As Bug Pit author Joshua Kucera points out, “it stands to reason that making transportation easier would make illicit trafficking easier – especially in countries where border officials are notoriously corrupt.”

The UN report says:

Uzbek officials stationed at the [Hairatan] border are generally well trained and receive relatively high salaries. The risk of concealed drugs crossing the border undetected is therefore lower at the Hairatan BCP than it is in Naibabad.
(p65)

This issue has been raised at a couple of railway conferences I’ve been to in Turkey and the UAE, where it was suggested that providing decent jobs – particularly wages – for border officials in places like Central Asia can easily pay for itself in smoother regional trade, and also help to ensure that legitimate fees are charged and go where they should be going, rather than unofficial fees which disappear into black holes.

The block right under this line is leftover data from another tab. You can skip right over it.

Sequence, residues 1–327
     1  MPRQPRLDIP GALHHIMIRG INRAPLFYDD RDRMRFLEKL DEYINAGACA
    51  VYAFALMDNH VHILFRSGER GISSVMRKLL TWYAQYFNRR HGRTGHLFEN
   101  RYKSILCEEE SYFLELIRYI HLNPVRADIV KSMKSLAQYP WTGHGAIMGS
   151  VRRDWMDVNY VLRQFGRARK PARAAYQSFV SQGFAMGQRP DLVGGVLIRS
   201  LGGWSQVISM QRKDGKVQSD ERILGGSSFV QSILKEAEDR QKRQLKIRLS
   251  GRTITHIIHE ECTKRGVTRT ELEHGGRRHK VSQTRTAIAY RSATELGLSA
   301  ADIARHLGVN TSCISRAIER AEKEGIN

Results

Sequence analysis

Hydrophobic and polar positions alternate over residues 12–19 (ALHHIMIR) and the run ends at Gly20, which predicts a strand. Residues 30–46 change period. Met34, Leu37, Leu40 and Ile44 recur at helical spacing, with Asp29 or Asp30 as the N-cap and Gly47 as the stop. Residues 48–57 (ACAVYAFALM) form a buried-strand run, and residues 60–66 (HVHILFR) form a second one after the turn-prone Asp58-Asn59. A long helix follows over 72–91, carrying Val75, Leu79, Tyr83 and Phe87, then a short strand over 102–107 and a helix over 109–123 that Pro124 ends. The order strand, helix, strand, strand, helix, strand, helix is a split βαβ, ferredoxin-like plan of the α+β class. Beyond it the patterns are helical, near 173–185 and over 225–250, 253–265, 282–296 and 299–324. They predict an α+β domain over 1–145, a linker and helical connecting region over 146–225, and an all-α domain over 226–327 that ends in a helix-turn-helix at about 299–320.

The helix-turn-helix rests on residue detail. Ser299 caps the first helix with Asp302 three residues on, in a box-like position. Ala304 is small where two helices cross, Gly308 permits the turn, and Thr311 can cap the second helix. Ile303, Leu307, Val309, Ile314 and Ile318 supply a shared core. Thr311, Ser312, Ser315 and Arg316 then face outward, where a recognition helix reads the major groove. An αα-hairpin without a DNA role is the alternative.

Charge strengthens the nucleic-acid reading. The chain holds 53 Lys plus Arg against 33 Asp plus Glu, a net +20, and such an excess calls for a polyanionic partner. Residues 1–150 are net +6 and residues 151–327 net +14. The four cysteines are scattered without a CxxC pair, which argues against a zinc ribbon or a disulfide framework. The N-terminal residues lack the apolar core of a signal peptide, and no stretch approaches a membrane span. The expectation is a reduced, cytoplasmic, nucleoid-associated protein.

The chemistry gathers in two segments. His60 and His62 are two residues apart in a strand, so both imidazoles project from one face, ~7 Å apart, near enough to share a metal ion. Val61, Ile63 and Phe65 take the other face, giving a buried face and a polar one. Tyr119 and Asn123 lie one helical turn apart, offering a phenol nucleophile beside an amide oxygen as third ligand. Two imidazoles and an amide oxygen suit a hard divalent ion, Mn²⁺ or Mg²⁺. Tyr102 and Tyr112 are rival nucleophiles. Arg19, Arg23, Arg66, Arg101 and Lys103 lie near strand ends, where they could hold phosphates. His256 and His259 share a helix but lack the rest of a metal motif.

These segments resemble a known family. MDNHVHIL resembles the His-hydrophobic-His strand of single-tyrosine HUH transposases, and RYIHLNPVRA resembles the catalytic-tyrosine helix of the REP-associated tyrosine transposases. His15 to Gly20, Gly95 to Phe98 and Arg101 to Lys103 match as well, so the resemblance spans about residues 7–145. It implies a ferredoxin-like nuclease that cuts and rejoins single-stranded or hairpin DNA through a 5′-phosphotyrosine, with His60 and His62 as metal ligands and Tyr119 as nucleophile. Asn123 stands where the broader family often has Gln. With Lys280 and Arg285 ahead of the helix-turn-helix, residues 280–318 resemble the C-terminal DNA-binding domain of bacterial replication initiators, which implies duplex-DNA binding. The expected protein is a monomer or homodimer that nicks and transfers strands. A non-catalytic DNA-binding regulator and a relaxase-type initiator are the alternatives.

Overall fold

It was even suggested that dealing with these matters might offer better benefits for the cost than funding fancy new transport infrastructure.

The report also offers some information about trains:

The Hairatan [Border Control Point] primarily receives cargo arriving on the Termez-Hairatan railway from Uzbekistan. On average, 100-120 containers are sent to and from Hairatan BCP each day.26 Interview with Customs Officials at Dry Ports in Herat and Mazar-e-Sharif, March 2012. At the Hairatan BCP and Naibabad dry port, cargo is trans-shipped from trains onto trucks, which then travel along the assigned transit routes to Pakistan.
(p32)

and about boats:

The large river port at Termez ships approximately 1,000 tons of cargo daily to a location only 500 metres away from the Hairatan BCP in Afghanistan.

The road and railway link from Termez to Hairatan runs along the northern trade route and is part of